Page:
Global Politics

Brexit uncertainties cause Irish border communities to fear the worst

an unmarked border between Ireland and Northern Ireland

One of many unmarked border crossings between Ireland and Northern Ireland. After Brexit, however, these may once again become formal crossing points. 

Credit:

Andrew Connelly/PRI

Martin McVicar gazes out over the factory floor where workers weave in and out of aisles piled high with machinery. The firm he directs, Combilift, is the largest global manufacturer of multidirectional forklift trucks. Designed, made and exported from County Monaghan, just on the border with Northern Ireland, Combilift was established in 1998, the same year that peace came to the island and the militarized border between the two territories started to be dismantled.

“Fifty-four [out of 550] of our employees live in the north and travel across the border daily to work — they don’t think of it as another country,” McVicar says. “If you ask the younger generation today where the border is, they couldn’t tell you. In their mind, they don’t see a physical border.”

the manager of a forklift factory looks out at the plant in ireland

Martin McVicar is the managing director of Combilift, a forklift manaufacturer in the Irish borderlands. 

Credit:

Andrew Connelly/PRI

And the border is largely invisible, 300 miles zigzagging through fields, streams, towns and even houses. Out of the 300 crossings, most do not even show a sign that you have crossed countries, save for the road signs — miles in the north and kilometers in the Republic. It’s a far cry from the Troubles — the three-decade period when rival unionist and republican paramilitaries warred over the political status of Northern Ireland — that saw the frontier strung with British Army checkpoints, soldiers and watchtowers.

The 1998 Good Friday Agreement saw the phasing out of this physical infrastructure, allowing people and goods to cross freely and unchecked. This was helped by the two countries being in the European Union Single Market and customs union for goods and services, largely removing any need for inspections at the border. In March 2019, Britain is expected to leave the European Union regulatory systems, leaving many to wonder how the currently open Irish border will be policed and how this could affect the fragile peace process.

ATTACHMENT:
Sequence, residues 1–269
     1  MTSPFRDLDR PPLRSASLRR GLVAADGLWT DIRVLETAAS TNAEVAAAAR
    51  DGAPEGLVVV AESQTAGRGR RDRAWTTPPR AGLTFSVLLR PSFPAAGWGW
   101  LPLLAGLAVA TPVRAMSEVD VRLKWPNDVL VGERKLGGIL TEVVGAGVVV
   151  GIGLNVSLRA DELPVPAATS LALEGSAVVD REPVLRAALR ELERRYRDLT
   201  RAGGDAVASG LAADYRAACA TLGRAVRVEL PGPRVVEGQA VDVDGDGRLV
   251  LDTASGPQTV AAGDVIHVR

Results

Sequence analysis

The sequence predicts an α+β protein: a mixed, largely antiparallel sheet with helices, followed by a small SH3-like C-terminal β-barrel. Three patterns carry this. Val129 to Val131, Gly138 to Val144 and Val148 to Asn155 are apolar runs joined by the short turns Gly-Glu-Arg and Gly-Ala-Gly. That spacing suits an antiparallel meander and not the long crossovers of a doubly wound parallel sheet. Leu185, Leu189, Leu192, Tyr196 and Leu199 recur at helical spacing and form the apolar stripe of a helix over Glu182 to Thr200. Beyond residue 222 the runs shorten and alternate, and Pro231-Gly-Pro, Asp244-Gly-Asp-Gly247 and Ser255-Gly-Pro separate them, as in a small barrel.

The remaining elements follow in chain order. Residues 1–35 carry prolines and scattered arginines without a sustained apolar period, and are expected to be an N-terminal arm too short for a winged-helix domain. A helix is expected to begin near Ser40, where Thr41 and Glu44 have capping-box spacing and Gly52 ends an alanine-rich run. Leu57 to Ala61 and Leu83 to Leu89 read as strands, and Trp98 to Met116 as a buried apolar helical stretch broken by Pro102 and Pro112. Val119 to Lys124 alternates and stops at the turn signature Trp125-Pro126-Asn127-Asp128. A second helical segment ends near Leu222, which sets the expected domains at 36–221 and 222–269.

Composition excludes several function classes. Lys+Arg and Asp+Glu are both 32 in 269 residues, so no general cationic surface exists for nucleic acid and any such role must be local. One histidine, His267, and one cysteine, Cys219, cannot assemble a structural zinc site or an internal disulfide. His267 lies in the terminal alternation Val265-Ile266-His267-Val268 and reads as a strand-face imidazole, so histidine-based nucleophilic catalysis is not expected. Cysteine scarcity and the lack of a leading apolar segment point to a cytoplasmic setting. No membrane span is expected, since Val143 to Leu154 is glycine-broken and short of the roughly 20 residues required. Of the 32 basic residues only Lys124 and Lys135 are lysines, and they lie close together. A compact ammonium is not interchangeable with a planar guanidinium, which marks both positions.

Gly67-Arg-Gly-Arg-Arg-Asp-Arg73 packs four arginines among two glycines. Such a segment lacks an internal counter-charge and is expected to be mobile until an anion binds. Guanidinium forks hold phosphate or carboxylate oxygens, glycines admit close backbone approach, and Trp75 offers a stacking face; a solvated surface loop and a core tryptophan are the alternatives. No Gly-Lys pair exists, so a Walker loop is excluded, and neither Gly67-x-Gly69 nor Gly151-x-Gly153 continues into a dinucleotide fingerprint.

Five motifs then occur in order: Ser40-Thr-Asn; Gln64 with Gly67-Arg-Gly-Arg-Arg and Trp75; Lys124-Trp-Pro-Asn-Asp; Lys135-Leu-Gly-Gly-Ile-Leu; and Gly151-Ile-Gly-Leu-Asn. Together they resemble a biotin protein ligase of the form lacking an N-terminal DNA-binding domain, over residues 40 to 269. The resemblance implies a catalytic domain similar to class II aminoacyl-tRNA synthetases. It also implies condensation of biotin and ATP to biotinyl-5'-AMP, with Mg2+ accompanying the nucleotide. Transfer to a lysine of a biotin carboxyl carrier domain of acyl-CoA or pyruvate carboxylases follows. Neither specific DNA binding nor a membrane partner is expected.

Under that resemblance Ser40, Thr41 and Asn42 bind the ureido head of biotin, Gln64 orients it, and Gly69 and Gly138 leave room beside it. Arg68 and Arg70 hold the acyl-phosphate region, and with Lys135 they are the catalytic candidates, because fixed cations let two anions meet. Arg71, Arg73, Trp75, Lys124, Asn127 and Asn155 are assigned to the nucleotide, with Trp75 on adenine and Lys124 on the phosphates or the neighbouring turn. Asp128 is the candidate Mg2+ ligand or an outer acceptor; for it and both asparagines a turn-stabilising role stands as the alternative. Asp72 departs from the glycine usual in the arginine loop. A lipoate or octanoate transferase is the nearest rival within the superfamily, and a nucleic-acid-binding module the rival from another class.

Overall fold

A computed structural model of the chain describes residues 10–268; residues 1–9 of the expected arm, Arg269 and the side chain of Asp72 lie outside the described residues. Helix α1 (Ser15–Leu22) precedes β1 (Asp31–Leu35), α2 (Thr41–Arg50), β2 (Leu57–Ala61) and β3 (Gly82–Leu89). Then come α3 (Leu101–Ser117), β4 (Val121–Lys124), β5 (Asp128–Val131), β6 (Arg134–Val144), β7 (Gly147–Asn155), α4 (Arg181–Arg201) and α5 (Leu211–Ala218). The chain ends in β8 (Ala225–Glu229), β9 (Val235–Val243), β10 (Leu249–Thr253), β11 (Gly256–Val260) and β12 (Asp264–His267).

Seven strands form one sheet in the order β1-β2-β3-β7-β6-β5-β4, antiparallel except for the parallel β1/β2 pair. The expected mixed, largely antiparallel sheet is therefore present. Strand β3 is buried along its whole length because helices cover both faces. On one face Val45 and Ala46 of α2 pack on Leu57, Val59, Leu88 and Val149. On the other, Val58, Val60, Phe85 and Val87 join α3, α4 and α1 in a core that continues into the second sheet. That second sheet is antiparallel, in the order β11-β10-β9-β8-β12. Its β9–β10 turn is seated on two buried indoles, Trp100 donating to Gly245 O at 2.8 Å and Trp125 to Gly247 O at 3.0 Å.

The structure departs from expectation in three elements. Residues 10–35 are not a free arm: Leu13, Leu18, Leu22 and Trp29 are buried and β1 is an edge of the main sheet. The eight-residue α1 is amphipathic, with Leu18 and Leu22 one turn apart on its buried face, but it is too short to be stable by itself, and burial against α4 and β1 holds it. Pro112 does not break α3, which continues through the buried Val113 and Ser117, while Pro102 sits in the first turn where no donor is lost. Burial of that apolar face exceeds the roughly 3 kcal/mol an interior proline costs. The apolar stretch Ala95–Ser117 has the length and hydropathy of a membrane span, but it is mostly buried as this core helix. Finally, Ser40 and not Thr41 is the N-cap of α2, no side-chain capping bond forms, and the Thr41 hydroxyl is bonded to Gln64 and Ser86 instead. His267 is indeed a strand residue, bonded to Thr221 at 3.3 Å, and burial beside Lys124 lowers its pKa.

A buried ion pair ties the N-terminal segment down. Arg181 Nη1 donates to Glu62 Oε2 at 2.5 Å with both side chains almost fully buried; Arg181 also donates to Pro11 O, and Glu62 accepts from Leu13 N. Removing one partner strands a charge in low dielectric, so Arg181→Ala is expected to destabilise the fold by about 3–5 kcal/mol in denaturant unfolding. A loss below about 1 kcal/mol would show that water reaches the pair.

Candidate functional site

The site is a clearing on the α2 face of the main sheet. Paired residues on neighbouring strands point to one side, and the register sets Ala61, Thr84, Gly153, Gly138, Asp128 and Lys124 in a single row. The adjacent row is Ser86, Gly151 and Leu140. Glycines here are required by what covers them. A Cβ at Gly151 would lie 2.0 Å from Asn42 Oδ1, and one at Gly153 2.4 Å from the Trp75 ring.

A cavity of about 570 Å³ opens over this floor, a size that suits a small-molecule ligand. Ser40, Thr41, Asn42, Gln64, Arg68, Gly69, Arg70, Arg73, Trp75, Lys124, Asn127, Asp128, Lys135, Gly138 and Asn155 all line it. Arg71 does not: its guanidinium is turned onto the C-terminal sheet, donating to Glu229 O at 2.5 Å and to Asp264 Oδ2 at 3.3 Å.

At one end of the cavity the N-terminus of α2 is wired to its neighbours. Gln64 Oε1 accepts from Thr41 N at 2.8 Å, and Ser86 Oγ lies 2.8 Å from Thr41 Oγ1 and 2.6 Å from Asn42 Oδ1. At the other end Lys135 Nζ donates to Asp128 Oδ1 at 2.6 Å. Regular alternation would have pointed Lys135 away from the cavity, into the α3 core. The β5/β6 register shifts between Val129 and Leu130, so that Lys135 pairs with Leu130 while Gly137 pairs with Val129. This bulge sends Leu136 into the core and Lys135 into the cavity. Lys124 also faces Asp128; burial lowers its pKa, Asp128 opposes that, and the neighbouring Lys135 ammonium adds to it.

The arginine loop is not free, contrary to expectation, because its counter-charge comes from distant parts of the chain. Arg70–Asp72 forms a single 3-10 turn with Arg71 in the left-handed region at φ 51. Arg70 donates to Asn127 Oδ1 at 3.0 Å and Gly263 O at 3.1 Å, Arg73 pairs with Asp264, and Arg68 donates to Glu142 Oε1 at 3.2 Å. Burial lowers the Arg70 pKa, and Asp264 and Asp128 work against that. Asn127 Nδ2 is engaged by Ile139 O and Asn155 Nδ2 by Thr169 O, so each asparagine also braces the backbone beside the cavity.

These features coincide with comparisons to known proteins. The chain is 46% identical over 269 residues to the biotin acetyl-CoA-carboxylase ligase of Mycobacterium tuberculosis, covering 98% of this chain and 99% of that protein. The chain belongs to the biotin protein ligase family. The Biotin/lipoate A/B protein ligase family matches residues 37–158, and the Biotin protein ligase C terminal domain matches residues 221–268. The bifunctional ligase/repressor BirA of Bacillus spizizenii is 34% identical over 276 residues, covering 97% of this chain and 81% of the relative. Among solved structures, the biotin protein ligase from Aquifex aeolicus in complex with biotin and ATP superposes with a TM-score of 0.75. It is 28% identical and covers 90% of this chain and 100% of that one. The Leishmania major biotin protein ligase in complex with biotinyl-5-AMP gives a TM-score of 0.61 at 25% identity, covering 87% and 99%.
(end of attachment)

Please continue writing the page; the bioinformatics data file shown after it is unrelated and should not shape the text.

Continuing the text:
A precursor to new Troubles?

As a child growing up in Monaghan, McVicar remembers having to lift his bicycle over the concrete checkpoints to go shopping in the north.

“I don’t think it’s going to end with a border like that but then any border is not in the interest of either side. But the reality is that if you want peace across multiple countries, the best way is easy movement of product and people. The minute you create borders, that’s not a way to create peace long term.”

With only six months until Britain is due to leave the European Union, the country is still yet to finalize a withdrawal agreement on the terms of its departure. One of the main sticking points is the British government’s failure to present the EU with a realistic proposal of how to keep the Irish border open. If no deal is reached, Britain would leave without any trade, regulatory and customs agreements with Europe and risk potential disruption at ports and borders.